By Theresa W. White
Its awards season in Hollywood, from the Golden Globes, Grammys, Emmys, and Oscars, it seems that now is the time to celebrate the achievements of actors, directors, screenwriters and musicians. Now is also the time that both parents and students start thinking of acceptance letters, FAFSA, and scholarships!
For students, the scholarship search is like the Oscars. It’s a chance for students to share their accomplishments and “body of work” with various associations, organizations, corporations as well as the colleges and universities themselves. This is the time for students to not be afraid to brag about their accomplishments! There are scholarships for writing, athletics, academics, special needs and learning disabilities, volunteering, ethnicity, art, and the list goes on and on!
As a student, you’re probably wondering when and more importantly, where do I start my scholarship search? As with most accomplishments in life, you need to first form a plan. Make a list of steps you’ve taken to reach your goals throughout your life. Be sure to include: classes you’ve taken, extracurricular activities, jobs, volunteer efforts, books you’ve read, portfolios of art or written work that you are proud of, videos of your athletics, organizations and professional groups that you are a part of, and major or job interests. Ask for letters of recommendation from people that have gotten to know you over the years. Your interests and passion can also be topics for the numerous essays that you will write for both the college application process and for the various scholarship boards and sponsors. There are no rules that state you can’t recycle your essays.
Once your plan is made, begin your search at your high school website or counselor, parents’/grandparent’s employer, local businesses, associations, church or religious organizations, service organizations, admissions office at colleges or universities of interest, and professional organizations. Students can also search online and using social media, such as Facebook, Twitter and most recently LinkedIn.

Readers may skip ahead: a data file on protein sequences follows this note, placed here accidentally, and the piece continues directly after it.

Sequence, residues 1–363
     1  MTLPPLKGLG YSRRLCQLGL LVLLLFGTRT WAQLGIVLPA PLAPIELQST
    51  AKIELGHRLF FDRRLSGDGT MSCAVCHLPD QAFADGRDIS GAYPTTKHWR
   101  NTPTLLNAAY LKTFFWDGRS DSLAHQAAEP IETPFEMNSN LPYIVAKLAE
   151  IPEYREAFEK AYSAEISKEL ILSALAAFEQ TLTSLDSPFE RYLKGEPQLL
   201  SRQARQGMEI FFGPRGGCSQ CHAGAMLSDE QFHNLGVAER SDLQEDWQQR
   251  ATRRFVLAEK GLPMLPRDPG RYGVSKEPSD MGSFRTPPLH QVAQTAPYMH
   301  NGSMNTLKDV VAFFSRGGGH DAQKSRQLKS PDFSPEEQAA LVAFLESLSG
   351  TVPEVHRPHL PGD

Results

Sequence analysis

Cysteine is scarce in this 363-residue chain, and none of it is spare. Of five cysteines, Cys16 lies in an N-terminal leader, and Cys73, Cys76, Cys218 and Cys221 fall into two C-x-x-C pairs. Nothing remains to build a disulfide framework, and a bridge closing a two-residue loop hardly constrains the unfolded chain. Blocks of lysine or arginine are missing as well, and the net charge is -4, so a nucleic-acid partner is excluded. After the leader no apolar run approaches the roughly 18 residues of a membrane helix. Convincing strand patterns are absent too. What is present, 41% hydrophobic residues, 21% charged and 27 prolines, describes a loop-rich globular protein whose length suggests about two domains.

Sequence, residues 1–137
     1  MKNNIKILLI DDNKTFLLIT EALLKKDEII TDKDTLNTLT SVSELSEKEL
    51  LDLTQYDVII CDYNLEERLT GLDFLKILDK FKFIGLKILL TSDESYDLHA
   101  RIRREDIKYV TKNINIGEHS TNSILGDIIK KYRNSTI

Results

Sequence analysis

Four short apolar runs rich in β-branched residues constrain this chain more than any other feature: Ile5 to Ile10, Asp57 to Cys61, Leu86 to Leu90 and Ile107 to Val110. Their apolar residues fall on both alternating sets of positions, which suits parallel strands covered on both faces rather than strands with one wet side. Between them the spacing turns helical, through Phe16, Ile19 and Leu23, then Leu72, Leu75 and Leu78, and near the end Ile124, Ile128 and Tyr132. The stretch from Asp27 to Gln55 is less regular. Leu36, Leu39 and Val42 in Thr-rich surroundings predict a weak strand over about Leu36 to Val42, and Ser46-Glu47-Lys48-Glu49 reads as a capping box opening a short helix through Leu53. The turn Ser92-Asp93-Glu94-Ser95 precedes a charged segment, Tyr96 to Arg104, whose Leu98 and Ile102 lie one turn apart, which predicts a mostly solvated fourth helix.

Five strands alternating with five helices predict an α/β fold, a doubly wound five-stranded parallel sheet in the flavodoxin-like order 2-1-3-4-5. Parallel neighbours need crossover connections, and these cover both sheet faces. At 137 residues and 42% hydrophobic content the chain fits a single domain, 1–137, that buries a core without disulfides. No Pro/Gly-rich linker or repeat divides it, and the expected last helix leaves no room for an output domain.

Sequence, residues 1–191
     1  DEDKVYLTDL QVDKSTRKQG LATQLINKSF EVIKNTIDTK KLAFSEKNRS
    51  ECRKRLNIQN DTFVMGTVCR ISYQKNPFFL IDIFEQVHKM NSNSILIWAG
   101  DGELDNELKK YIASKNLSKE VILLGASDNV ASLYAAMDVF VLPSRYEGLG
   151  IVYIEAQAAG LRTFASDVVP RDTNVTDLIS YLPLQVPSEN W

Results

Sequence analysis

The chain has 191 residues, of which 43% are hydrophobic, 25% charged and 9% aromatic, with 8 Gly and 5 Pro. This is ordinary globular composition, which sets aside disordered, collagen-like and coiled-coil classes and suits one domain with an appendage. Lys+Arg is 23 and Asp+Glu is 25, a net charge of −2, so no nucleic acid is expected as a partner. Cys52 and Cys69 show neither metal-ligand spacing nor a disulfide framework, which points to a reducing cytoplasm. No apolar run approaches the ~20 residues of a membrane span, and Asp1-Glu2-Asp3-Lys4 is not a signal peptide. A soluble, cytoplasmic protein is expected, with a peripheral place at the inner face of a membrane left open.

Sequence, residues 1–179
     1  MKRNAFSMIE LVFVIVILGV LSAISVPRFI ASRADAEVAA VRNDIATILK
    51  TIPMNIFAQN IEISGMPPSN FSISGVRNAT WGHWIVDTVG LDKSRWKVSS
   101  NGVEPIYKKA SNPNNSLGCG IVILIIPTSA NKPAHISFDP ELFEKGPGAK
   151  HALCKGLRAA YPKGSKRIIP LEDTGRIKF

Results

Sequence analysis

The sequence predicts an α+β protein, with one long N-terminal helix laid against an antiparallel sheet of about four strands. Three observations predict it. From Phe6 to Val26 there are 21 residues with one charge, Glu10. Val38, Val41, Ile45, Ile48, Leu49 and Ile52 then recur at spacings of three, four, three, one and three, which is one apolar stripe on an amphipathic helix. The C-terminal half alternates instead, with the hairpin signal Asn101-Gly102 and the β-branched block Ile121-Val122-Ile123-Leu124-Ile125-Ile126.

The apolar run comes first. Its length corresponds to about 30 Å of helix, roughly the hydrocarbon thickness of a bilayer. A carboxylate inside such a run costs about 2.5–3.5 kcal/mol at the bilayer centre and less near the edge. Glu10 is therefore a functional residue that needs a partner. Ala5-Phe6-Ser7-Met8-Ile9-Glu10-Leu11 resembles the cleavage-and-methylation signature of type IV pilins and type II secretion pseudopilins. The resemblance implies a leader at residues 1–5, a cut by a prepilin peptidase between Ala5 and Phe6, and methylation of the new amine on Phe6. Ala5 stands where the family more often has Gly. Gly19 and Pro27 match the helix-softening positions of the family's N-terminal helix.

For instance, if your student has aspirations of joining the directors, actors, actresses, and screenwriters in Hollywood, look no further than the Academy of Motion Picture Arts and Sciences at www.oscars.org. The future filmmakers and writers can apply for the Student Academy Awards or the Don and Gee Nicholl Fellowships in screenwriting. Let’s not forget television at www.emmys.org, students who produce original films or videos can apply for the College Television Awards.
Not interested in the limelight? Is community service your passion? Visit various websites such as www.kohlscorporation.com or www.hitachifoundation.org. The Kohl’s Kids Who Care Program each store selects a winner based on the student’s commitment to volunteerism. The Hitachi Yoshiyama Award requires a nomination from a community leader, teacher, or principal or member of clergy and give recognition to exemplary service and community involvement. Did you know that there’s a scholarship for Angus Beef? Visit www.angus.org, but you have to be interested in raising Angus not just eating Angus Beef!
If you feel lucky, there’s free money based on contests. The SuperCollege Scholarship (www.supercollege.com) awards a $1,500 scholarship through a random drawing, all students have to do is register to win. CollegeAnswer (www.collegeanswer.com) awards $1,000 scholarship monthly to one lucky registered user. Registration is free and the website also give you tools and resources like a free scholarship search!
Remember any successful scholarship search should include ALL scholarships that you may qualify for, even if the award is small! Students also need to make sure they pay attention to deadline and keep applying for scholarships even if you’ve started college. When asking for letters of recommendation, be sure to include your resume so that the person writing the letter is reminded of your strengths. Be mindful of the time and effort it takes to write a letter of recommendation, so please be sure to also THANK them for writing a letter on your behalf. A good old-fashioned “Thank You” note will go a long way.
When writing your essays, be sure to use your OWN voice and be sure to stay within the word limit. Don’t forgot to use proper grammar, spelling and organization. This will help you once you get to the interview process.
For the interview process, you need to PREPARE, PRACTICE, and RELAX. Prepare by learning about the scholarship sponsor and their mission. Practice by reviewing potential questions and answers. Have a friend, parent or mentor practice the interview with you. Then you can finally, RELAX. The more comfortable and conversational you are, the more likely the interviewer or panel will connect with you.
So, be patient and prepared and your time and effort will be rewarded with other people’s money paying for your higher education! Good luck in your search and to quote the most influential movie of all time (in my humble opinion), “MAY THE FORCE BE WITH YOU!”